Paul Simon’s Connecticut estate is on the market for $14M

That’s 16% less than what the musician paid for it in 2002

TRD TRI-STATE /
Apr.April 22, 2019 02:41 PM
Paul Simon and his New Canaan estate in Connecticut (Credit: Getty Images and Google Maps)

Paul Simon and his New Canaan estate in Connecticut (Credit: Getty Images and Google Maps)

Just don’t call Paul Simon a boy in a bubble.

The singer has put his Connecticut estate on the market, and is willing to take a loss.

The New Canaan property is asking $13.9 million — 16 percent less than what Simon paid for the property in 2002, the Wall Street Journal reported.

William Pitt Sotheby’s International Realty’s Leslie Razook, who is listing the property with fellow agent Anne Krieger, said that the pricing was reflective of the softness in the area’s real estate market.

The number of sales in Fairfield County dipped 2.6 percent in the first quarter versus a year earlier to 1,968 deals, according to Douglas Elliman. At the same time, the median sales price fell 6.6 percent to $359,450.

The estate spans about 32 acres — with landscaped grounds that include a brook, meadows, a pond and waterfalls. It also features walled gardens and a courtyard. Plus, the home comes with its own recording studio. Simon and his wife, singer-songwriter Edie Brickell, are selling the property now that their three children have moved out.

“The first thing we thought when we moved from Manhattan was ‘Wow! We have our own park’,” said Simon in a statement. “It took half an hour to walk a loop of the property with the dogs.” The recording studio, where he recorded his last four albums, is a “peaceful space”, he said.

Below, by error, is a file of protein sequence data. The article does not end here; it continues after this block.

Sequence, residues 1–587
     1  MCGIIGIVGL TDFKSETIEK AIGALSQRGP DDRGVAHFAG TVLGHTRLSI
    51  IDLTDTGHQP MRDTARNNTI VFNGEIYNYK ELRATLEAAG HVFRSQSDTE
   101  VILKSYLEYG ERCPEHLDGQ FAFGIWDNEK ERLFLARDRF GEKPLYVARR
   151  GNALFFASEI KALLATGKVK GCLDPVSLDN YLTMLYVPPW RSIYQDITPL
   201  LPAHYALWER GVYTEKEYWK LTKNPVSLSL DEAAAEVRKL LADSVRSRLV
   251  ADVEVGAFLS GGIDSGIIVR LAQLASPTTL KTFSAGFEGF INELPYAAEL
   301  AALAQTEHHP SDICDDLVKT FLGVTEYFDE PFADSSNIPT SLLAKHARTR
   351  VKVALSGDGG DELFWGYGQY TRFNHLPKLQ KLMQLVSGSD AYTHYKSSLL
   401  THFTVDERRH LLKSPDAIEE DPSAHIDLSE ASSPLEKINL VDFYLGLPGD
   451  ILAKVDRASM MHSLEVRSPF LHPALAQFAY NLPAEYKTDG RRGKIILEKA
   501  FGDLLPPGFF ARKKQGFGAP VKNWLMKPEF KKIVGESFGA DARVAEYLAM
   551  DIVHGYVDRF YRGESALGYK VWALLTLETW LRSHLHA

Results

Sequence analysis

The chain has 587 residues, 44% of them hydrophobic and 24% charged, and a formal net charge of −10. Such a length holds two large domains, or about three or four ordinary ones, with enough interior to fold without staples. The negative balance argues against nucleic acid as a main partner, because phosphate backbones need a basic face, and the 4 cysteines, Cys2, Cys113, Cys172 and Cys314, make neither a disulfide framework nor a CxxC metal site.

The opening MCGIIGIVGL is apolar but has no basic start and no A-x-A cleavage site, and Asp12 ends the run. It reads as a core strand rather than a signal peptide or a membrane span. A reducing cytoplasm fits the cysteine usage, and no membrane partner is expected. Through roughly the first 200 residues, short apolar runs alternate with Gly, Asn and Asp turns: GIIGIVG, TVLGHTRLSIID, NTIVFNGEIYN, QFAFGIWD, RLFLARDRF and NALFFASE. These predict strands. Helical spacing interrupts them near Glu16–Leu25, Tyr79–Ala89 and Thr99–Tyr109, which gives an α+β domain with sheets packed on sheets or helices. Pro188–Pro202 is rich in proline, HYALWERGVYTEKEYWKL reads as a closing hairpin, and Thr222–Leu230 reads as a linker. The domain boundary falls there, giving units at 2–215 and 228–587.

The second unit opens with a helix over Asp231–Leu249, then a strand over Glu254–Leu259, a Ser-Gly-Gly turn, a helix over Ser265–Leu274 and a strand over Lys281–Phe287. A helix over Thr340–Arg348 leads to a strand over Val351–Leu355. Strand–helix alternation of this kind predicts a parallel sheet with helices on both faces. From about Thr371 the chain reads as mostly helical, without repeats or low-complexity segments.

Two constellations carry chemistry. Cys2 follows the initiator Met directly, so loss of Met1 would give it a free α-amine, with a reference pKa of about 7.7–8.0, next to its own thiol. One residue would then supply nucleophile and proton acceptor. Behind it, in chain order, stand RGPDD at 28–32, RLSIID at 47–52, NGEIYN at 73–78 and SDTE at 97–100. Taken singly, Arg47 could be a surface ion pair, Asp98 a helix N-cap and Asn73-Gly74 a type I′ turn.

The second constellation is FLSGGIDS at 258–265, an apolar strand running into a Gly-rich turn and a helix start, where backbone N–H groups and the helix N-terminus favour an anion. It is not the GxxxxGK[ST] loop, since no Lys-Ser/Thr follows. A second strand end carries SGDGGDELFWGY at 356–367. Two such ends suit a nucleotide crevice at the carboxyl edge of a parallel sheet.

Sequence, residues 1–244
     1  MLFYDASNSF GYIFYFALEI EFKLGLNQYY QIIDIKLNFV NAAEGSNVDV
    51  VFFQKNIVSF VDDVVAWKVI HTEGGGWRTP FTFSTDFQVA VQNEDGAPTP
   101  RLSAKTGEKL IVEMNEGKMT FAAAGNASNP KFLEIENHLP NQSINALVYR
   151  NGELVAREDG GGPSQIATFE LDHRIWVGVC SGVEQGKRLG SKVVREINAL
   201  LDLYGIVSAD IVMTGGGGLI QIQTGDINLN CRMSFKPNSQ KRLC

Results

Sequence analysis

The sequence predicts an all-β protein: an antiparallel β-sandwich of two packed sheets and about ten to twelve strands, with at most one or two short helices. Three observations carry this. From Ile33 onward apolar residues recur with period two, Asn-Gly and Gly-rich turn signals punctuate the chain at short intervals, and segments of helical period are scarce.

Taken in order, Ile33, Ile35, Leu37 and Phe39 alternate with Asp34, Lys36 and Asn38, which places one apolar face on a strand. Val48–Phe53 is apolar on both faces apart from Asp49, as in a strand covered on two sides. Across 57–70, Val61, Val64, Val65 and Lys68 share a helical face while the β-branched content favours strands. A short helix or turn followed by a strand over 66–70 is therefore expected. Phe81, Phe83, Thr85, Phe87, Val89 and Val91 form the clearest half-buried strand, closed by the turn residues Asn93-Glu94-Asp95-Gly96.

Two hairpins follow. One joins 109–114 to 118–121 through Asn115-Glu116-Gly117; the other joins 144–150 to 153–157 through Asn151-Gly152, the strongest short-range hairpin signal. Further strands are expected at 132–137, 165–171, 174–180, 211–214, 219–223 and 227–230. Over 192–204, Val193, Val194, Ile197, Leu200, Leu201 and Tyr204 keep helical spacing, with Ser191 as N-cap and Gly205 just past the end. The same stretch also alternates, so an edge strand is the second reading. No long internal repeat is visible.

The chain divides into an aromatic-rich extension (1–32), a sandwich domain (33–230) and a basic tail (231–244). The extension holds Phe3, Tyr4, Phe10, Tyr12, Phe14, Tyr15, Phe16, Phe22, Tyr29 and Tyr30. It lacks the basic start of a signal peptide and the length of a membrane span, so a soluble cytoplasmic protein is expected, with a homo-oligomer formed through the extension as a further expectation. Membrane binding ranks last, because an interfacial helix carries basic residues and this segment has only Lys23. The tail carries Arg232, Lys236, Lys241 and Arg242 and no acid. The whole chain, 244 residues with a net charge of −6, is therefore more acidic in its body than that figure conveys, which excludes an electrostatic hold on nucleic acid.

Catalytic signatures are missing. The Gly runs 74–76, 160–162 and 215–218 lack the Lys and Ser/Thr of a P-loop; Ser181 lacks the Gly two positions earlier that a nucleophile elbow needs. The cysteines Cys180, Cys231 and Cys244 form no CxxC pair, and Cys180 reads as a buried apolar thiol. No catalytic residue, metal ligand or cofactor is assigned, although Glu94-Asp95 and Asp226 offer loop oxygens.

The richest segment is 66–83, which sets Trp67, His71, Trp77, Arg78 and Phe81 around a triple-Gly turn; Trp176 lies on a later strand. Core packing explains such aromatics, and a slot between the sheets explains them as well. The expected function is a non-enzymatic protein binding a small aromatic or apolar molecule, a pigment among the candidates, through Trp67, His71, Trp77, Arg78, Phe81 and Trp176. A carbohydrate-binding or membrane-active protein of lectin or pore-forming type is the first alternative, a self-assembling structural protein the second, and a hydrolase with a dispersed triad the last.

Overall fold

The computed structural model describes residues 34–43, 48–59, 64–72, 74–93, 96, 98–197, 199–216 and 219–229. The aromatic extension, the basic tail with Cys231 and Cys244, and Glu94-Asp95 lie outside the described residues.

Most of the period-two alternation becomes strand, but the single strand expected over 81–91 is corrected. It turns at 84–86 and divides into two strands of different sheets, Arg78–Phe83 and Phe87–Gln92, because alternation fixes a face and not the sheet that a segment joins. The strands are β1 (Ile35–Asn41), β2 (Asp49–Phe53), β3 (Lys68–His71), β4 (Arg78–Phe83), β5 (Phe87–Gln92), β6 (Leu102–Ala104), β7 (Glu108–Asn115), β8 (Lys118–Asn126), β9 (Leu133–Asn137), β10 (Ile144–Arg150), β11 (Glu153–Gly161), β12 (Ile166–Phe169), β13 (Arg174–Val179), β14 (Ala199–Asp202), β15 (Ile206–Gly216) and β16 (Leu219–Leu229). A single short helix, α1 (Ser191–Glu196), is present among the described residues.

The main house is about 8,500 square feet and dates back to the 1930s. It has six bedrooms and multiple libraries. The recording studio is in a separate cottage, which has two bedrooms. The property also has a three-car garage.

Simon rose to fame as half of the duo that made up Simon & Garfunkel. His solo hits include “You Can Call Me Al.” [WSJ] — Meenal Vamburkar


Related Articles

arrow_forward_ios
From left: Jed Wilder, Bess Freedman, Richard Grossman, Josh Sarnell and Adam Mahfouda (Credit: Emily Assiran) 

Agents to StreetEasy: The fee is too damn high

40 East 72nd Street (Credit: Google Maps)

Nightmare on E. 72nd Street raises question: Are small condos risky?

Jed Garfield of Leslie J. Garfield; Richard Grossman, president of Halstead Real Estate; Sarah Saltzberg, principal broker and CEO of Bohemia Realty Group; Douglas Elliman’s Howard Lorber

NYC brokers slam bias, promise action after Newsday exposé

The bombshell probe also found that minorities had to meet more stringent financial qualifications than white buyers. (Credit: iStock)

LI agents routinely discriminate against minority buyers, undercover probe finds

Zillow CEO Rich Barton (Credit: iStock)

Zillow and Opendoor aren’t making much on home-flipping

This week, the State Department of Taxation and Finance issued a new memo that notably made no mention of condos. (Credit: iStock)

Regulators quietly change stance on condos in LLC law

Realogy CEO Ryan Schneider (Credit: iStock)

Realogy’s plan to stop the iBuyers from gaining a foothold in Chicago

Daily Digest Thursday

Worker killed at Lam Group construction site, Uber signs WTC lease: Daily digest

arrow_forward_ios